(Warning: This post contains spoilers for the Season 2 premiere of “Prodigal Son.”)
Fox’s “Prodigal Son” picked up its tale of twisted family dynamics with the premiere of its second season Tuesday, an episode that revealed what happened in the aftermath of the bloody murder that was committed by Malcolm Bright’s (Tom Payne) sister, Ainsley Whitly (Halston Sage), in front of her brother in the closing moments of the show’s finale last spring.
It turns out Ainsley’s crime, stabbing the evil Nicholas Endicott (Dermot Mulroney) seven times, has been covered up by serial-killer expert Bright with the help of the siblings’ serial-killer father, Martin Whitly (Michael Sheen), who walked Bright through the process of cleaning up his sister’s mess over the phone from prison, after Bright sent Ainsley away to protect her from what she had done, which at this point, she doesn’t even seem to remember.
The “Prodigal Son” Season 2 premiere, titled “It’s All in the Execution,” opens a few months after that night. Throughout the hour, fans find out what Bright did to save Ainsley in a series of flashbacks showing the cleanup. Martin finally gets more details himself when he sees his son for the first time in months during a prison visit, when he gets to reveal not just how thankful he is that Bright protected Ainsley — but that his son seems to share his talent for getting away with murder. Oh, and possibly enjoyed it, too.
TheWrap spoke with “Prodigal Son” showrunners Chris Fedak and Sam Sklaver about the episode and where things are headed from here for Martin, Ainsley and Bright — as well as their mother, Jessica (Bellamy Young) and Bright’s surrogate father, NYPD Lieutenant Gil Arroyo (Lou Diamond Phillips). See our conversation below.
TheWrap: Why did you decide to pick up the story with Bright in the middle of a case, standing on a ledge next to a suspect, rather than right after Ainsley slit Endicott’s throat?
Chris Fedak: We always intended to end Season 1 with Ainsley killing Nicholas Endicott, and that incredibly dramatic and crazy cutaway. And we were super stoked, even from the pitch, that that would be the finale. But when it came to picking up, we didn’t want to bind ourselves to coming back into the story in exactly that moment, especially since because from the time we went off the air last April to right now, we’ve had a crazy election, we’ve had a pandemic, we’ve had all these things and we just wanted to be able to reset Season 2 in its own kind of way. And when you have someone like Tom on your show, that’s where we came up with coming into the season in a new, startling, crazy, thrilling way. But we also know when you’re making one of these shows, we’re not going to spend a whole season slowly dripping information from that night. We know our audience is going to want to know what happened, they’re going to want to know those things. So we want to fill that info and that curiosity and fill in those blanks, too.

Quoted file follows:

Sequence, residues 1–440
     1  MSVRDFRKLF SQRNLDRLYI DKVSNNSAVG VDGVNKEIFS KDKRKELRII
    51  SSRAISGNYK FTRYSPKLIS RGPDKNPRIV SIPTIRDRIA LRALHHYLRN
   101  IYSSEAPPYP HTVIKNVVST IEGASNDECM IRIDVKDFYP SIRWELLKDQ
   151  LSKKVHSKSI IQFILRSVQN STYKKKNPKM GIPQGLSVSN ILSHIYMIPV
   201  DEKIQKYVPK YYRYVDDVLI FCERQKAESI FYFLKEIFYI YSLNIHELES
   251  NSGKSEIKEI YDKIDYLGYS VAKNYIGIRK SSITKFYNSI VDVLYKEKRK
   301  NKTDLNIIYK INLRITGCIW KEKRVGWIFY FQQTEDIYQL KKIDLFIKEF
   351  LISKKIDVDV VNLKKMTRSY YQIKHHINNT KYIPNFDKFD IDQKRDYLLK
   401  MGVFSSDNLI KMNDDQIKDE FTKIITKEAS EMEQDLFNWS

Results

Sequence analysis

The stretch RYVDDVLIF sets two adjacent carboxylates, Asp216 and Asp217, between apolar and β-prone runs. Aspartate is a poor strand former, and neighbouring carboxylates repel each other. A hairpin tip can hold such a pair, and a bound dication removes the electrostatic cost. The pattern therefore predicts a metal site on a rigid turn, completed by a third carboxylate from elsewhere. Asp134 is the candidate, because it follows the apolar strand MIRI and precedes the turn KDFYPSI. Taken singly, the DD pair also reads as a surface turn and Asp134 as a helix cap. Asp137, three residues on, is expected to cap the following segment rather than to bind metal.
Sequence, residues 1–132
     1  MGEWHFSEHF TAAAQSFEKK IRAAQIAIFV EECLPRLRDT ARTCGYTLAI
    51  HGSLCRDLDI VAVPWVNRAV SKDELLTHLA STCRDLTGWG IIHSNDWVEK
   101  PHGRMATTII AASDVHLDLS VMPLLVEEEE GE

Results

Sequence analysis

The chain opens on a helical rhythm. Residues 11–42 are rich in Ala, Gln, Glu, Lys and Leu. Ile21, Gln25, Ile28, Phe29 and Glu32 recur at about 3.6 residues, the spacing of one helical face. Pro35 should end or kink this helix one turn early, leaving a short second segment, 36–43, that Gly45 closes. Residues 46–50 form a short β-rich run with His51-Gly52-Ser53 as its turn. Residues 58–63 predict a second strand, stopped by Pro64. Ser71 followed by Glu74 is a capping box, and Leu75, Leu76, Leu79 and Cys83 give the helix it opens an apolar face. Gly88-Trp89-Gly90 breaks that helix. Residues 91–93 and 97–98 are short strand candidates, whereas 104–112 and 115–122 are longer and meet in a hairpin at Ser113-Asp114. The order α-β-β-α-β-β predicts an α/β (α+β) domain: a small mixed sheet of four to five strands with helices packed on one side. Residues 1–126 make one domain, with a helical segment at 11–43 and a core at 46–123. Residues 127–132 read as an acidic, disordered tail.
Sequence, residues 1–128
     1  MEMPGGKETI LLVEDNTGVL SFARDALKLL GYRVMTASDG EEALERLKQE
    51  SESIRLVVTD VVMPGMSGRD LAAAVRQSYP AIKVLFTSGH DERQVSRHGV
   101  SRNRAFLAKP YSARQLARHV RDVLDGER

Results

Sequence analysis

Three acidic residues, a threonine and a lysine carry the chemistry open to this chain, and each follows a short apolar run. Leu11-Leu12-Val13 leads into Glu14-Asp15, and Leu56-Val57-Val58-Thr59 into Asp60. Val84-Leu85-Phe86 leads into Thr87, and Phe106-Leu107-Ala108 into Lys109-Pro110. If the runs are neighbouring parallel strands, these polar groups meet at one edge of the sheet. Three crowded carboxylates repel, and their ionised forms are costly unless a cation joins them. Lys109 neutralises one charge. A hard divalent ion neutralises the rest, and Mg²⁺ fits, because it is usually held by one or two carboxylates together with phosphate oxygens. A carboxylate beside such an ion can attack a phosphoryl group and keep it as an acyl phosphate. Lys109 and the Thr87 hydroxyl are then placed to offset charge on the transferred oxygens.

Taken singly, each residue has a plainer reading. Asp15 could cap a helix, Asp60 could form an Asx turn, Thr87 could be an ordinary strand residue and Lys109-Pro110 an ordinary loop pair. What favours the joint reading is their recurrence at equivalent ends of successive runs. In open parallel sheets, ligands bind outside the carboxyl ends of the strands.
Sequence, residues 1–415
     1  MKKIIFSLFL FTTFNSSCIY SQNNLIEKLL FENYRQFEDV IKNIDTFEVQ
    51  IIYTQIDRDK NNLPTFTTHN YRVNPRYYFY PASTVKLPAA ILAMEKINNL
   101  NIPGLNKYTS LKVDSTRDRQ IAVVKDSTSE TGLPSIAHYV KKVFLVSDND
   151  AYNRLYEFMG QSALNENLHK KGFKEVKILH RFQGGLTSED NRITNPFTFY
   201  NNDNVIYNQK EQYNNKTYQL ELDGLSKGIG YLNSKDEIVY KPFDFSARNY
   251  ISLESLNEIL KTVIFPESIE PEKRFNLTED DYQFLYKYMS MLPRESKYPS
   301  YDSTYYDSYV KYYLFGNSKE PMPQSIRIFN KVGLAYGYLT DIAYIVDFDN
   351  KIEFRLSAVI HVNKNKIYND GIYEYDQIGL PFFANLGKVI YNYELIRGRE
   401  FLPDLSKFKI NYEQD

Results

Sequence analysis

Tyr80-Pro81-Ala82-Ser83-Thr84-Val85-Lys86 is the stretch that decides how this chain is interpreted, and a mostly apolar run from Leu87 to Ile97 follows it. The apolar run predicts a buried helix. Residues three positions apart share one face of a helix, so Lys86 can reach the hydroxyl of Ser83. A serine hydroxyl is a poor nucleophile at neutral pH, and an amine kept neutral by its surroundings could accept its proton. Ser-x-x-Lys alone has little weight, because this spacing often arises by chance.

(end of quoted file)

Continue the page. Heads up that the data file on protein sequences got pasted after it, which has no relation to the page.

We find out Martin was able to talk his son through disposing of Endicott’s body over the phone from prison. How did Bright and Martin have this conversation safely in a way no one has found out about it over the past few months?
Sam Sklaver: If you remember at the end of Season 1, Martin Whitly helped instigate a riot inside of the prison that he was being held. And during that riot, one of the guard’s cellphones was thrown across the room and Martin was able to pick it up and talk to his son. And we never saw Martin hang up that phone. And beyond which, it was a phone that was never attributed to Martin and it was never able to be traced. So we were actually very cognizant of what we wanted to be able to do with our story.
First of all, we knew once Martin was going to be in Rikers– I remember early on, Chris and I wanted Ainsley to kill Endicott, we had all of our Girl in the Box story, but then we were like — Martin should probably start a riot in prison, right? Who doesn’t like a prison riot? It seems foolish to not like a prison riot. So once we knew there would be a prison riot, we started to think of all the different machinations of how we could get Martin and Bright together. And once that cellphone slid across the floor into Martin’s lap, it all made perfect sense to us. So that’s how they were able to communicate.
But, after that phone call, because Martin was locked down in the prison, he and his son stopped speaking. And they haven’t spoken until our premiere. So our premiere picks up a few months after our finale, but Bright and his father haven’t been communicating in the interim. So that relationship gets picked up right where we left it. And Martin is like our audience, he wants to know everything that happened and he misses his son and he’s on the edge of his seat.
Bright spends a lot of this episode dealing with his personal feelings about covering up a murder and at the end of the episode, his father pushes him to confront the fact he might have enjoyed the rush. Did Bright enjoy it and soon are we going to explore why?